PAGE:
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Oklahoma Wildlife Expert Discusses Gun Safety Tips At Home

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Tyler Teague was with several friends, looking at shotguns, when one fired. Teague was hit in the chest and according to police, killed instantly. Tyler Teague was with several friends, looking at shotguns, when one fired. Teague was hit in the chest and according to police, killed instantly.
"Accidents happen, but most accidents are usually preventable and when you see what the opportunity was to prevent that, it just really makes you cringe. You know, someone just slipped and let something happen," said Daniel Griffith. "Accidents happen, but most accidents are usually preventable and when you see what the opportunity was to prevent that, it just really makes you cringe. You know, someone just slipped and let something happen," said Daniel Griffith.

By Dan Bewley, The News On 6

BARTLESVILLE, OK -- A 17-year-old was killed in the garage of a home on Bartlesville's east side.

Tyler Teague was with several friends, looking at shotguns, when one fired. Teague was hit in the chest and according to police, killed instantly.

"We don't even think there was horseplay. These boys were looking at some guns used in bird hunting. One fell over and was unknown to them had a live round in the gun. When they grabbed it to keep it from falling over, it went off," said Chief Tom Holland, Bartlesville Police.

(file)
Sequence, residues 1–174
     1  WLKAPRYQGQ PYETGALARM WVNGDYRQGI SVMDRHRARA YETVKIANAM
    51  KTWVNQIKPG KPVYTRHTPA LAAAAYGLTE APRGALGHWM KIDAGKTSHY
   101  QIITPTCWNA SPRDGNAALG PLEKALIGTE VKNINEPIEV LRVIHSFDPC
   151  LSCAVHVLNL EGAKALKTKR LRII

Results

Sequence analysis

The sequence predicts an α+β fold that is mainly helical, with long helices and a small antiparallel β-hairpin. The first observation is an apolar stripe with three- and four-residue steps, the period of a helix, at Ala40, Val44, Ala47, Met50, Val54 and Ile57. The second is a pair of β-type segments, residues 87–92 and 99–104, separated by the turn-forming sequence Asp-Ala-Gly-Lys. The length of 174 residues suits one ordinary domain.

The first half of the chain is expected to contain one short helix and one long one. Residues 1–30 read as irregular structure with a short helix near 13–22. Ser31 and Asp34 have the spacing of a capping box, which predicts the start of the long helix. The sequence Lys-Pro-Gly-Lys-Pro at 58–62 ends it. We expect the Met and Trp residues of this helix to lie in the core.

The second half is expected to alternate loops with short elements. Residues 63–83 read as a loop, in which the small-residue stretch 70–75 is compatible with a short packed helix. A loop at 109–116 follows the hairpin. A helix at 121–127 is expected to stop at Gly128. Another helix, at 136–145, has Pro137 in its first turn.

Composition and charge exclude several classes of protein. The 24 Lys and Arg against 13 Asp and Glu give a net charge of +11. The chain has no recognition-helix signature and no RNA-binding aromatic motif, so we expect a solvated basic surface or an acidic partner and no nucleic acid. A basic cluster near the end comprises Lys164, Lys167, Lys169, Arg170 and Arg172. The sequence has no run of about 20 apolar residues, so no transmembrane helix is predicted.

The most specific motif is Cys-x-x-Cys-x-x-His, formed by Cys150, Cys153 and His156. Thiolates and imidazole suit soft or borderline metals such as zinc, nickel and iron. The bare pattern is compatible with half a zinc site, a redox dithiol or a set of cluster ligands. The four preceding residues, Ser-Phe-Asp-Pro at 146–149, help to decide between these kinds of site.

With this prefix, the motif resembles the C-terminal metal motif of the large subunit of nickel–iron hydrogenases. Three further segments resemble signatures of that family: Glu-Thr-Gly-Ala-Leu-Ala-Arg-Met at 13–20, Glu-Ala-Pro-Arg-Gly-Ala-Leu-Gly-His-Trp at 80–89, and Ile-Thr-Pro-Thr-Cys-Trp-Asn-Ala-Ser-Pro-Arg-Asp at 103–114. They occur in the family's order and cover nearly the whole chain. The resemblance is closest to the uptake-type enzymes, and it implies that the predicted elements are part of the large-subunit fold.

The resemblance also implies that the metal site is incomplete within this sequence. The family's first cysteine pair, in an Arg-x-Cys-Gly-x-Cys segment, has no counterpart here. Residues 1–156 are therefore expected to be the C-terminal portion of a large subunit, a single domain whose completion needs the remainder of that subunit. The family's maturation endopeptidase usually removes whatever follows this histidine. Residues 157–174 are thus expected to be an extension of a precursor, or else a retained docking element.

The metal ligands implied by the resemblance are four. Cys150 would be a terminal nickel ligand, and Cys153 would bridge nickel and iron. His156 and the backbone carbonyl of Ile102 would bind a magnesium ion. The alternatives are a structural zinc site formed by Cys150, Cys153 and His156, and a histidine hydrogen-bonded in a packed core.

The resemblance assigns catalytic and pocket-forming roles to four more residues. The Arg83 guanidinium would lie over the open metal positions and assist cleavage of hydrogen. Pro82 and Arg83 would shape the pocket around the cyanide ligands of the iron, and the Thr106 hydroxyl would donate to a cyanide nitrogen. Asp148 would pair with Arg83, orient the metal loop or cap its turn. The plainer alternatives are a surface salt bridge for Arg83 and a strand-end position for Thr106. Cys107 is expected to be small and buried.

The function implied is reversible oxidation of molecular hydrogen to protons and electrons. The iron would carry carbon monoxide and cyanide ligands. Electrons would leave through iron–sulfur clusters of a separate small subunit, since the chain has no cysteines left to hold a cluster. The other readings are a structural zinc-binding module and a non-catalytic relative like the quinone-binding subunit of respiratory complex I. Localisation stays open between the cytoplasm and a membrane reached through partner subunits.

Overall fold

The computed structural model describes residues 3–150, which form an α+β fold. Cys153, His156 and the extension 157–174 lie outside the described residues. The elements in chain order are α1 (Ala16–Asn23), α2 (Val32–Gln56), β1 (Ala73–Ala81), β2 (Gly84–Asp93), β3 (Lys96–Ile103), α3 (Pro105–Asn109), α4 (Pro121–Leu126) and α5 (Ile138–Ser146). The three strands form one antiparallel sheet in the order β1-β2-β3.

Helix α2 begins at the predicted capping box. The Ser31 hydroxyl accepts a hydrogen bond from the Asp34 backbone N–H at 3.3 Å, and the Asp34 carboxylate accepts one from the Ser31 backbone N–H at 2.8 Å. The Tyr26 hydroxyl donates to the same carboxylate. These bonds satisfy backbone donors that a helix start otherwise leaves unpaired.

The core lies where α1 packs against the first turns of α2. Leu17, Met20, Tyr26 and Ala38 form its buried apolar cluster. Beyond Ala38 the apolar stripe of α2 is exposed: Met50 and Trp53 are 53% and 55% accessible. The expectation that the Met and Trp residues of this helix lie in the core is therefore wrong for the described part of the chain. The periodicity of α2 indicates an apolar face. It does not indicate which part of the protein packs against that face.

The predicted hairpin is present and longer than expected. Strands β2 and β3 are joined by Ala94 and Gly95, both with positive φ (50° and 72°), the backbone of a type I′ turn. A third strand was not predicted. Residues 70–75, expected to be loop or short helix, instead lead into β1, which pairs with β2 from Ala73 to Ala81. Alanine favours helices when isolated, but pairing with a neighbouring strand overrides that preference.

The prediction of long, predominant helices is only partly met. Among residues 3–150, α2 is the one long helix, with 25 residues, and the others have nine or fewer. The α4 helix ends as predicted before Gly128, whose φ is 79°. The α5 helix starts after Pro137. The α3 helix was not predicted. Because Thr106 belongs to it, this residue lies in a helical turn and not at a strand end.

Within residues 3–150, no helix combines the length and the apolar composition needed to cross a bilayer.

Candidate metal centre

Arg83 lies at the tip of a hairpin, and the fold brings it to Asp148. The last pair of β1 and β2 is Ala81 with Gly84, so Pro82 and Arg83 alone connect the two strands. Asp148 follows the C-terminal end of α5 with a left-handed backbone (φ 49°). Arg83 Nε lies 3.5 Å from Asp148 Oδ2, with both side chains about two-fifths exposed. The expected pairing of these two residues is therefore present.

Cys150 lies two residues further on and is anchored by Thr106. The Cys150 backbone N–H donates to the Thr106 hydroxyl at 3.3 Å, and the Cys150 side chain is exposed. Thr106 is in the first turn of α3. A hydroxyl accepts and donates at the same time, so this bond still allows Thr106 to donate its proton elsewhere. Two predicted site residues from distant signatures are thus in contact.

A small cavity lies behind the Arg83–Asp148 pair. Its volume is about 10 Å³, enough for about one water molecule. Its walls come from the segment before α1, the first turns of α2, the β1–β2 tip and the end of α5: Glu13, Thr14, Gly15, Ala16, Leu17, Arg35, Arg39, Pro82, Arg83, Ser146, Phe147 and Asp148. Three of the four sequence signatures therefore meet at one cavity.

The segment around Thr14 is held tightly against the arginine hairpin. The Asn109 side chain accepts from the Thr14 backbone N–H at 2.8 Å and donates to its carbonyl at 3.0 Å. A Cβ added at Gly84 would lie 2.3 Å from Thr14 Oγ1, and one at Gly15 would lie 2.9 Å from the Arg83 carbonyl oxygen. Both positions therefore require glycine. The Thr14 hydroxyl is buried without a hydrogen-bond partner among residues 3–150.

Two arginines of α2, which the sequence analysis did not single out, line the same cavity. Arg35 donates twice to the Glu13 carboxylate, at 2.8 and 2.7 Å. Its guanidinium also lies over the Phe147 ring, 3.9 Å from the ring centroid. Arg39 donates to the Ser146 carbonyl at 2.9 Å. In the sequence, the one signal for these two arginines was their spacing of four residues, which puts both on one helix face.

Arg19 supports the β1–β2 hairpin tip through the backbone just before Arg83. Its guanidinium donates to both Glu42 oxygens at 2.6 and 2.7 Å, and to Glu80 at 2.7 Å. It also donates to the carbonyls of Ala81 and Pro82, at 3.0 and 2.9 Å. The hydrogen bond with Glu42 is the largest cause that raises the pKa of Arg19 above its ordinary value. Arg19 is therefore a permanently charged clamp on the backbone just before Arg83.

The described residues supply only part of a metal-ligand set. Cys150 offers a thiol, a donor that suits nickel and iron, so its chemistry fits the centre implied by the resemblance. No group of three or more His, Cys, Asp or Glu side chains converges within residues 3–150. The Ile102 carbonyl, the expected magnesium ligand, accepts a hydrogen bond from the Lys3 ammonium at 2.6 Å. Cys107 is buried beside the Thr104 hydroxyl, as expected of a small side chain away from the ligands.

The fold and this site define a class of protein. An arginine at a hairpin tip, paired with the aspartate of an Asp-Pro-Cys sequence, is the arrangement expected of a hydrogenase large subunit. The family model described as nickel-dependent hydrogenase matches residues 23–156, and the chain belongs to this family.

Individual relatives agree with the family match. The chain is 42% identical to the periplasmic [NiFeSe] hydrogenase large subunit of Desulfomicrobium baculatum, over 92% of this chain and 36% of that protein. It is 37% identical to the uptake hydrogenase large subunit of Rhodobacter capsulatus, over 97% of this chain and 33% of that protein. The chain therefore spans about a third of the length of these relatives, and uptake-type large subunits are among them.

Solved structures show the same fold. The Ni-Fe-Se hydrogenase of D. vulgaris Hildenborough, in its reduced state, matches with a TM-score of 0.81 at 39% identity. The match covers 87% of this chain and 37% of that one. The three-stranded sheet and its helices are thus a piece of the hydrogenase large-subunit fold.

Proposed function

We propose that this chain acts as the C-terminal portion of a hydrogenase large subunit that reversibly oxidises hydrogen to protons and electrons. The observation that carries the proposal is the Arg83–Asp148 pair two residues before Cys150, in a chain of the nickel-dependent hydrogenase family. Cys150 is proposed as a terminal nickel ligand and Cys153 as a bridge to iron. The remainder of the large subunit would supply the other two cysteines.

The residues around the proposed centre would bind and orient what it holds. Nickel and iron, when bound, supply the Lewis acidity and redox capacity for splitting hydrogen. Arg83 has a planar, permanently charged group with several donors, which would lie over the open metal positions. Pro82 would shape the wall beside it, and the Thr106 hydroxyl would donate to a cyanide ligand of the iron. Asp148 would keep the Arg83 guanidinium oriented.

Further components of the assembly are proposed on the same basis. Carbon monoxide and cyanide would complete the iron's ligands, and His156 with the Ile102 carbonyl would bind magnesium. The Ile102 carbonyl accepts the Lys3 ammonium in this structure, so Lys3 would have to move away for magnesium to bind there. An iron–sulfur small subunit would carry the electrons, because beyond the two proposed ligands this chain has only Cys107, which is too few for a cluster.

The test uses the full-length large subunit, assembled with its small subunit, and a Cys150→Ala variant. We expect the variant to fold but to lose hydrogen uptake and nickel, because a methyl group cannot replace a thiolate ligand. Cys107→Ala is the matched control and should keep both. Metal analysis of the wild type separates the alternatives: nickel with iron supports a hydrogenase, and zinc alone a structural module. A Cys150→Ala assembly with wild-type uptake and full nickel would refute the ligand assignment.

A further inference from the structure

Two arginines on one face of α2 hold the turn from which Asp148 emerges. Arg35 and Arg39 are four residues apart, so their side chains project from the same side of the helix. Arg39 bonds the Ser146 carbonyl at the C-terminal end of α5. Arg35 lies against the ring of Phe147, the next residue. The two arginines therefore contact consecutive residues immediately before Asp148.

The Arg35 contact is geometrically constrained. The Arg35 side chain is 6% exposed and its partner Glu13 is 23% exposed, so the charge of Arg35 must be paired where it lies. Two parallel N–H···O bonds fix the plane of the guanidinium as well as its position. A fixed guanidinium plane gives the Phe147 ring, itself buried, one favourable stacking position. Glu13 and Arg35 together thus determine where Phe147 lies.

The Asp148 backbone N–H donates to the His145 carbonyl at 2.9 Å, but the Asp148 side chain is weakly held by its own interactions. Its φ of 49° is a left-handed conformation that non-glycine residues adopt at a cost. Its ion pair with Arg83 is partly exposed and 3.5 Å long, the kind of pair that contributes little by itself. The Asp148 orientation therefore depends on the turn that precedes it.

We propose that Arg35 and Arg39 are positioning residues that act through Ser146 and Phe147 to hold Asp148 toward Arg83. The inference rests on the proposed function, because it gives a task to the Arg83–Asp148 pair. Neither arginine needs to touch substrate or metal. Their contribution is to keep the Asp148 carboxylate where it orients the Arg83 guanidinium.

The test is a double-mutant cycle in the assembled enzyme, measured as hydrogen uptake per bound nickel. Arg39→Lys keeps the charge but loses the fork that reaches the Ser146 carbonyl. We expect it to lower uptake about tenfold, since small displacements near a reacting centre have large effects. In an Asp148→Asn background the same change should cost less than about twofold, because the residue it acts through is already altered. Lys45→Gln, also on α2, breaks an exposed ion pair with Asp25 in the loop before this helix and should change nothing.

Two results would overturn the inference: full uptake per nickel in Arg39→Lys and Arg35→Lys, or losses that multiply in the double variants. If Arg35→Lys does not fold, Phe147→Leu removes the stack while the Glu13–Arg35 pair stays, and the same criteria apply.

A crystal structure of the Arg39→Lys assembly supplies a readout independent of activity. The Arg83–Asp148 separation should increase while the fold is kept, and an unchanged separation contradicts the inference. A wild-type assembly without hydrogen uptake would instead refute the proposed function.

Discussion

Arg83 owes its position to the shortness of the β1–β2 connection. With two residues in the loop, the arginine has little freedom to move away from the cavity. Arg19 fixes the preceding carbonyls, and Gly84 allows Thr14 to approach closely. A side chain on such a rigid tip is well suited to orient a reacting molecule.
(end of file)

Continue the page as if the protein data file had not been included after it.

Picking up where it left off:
10/9/2009  Related Story: Bartlesville High School Student Fatally Shot In Tragic Accident

The tragedy could have been prevented, according to the Oklahoma Department of Wildlife Conservation. With the fall hunting season here, they hope other hunters are paying attention so it doesn't happen again.

Tyler Teague was remembered Friday night as his high school took to the gridiron.

"It's just a tragedy all around. When you lose a student 17-years-old, a junior, in an accident like this, it hits the school hard, it hits the community hard," said David Austin, Bartlesville Public Schools.

Teague died of a gunshot wound Thursday night while looking at a shotgun in a friend's garage. Police have ruled it accidental.

"Accidents happen, but most accidents are usually preventable and when you see what the opportunity was to prevent that, it just really makes you cringe. You know, someone just slipped and let something happen," said Daniel Griffith, Oklahoma Department of Wildlife Conservation.

Daniel Griffith is with the Oklahoma Department of Wildlife Conservation. He says there are several guidelines hunters should follow, regardless of whether they are out in the field.

"Primarily when you're dealing with a firearm, always assume the firearm is loaded, whether you know it is or don't know it is, just assume that it's loaded, period," said Daniel Griffith.

Griffith says there are two major rules for gun safety at home -- never leave your weapon loaded while at home, always load and unload out in the field, and he says keep your ammo and your weapon in two different locations inside your home.

As Bartlesville mourns the loss of Tyler Teague, Griffith hopes others learn from the tragedy and recognize the responsibility that comes with owning a gun.

"Sad lesson to learn and it's something that hopefully can be used as something to learn from this and we don't see this happening again," said Daniel Griffith.

The state offers free hunter safety courses and anyone under 36-years-old is required to take it.

Learn more about the free hunter safety courses.

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